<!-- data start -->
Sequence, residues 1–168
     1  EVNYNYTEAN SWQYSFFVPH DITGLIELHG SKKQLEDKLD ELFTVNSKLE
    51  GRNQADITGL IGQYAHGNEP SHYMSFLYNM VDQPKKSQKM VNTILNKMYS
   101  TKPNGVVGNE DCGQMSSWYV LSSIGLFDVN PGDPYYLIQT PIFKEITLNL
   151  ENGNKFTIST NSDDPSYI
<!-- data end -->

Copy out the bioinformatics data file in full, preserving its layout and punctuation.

Sequence, residues 1–168
     1  EVNYNYTEAN SWQYSFFVPH DITGLIELHG SKKQLEDKLD ELFTVNSKLE
    51  GRNQADITGL IGQYAHGNEP SHYMSFLYNM VDQPKKSQKM VNTILNKMYS
   101  TKPNGVVGNE DCGQMSSWYV LSSIGLFDVN PGDPYYLIQT PIFKEITLNL
   151  ENGNKFTIST NSDDPSYI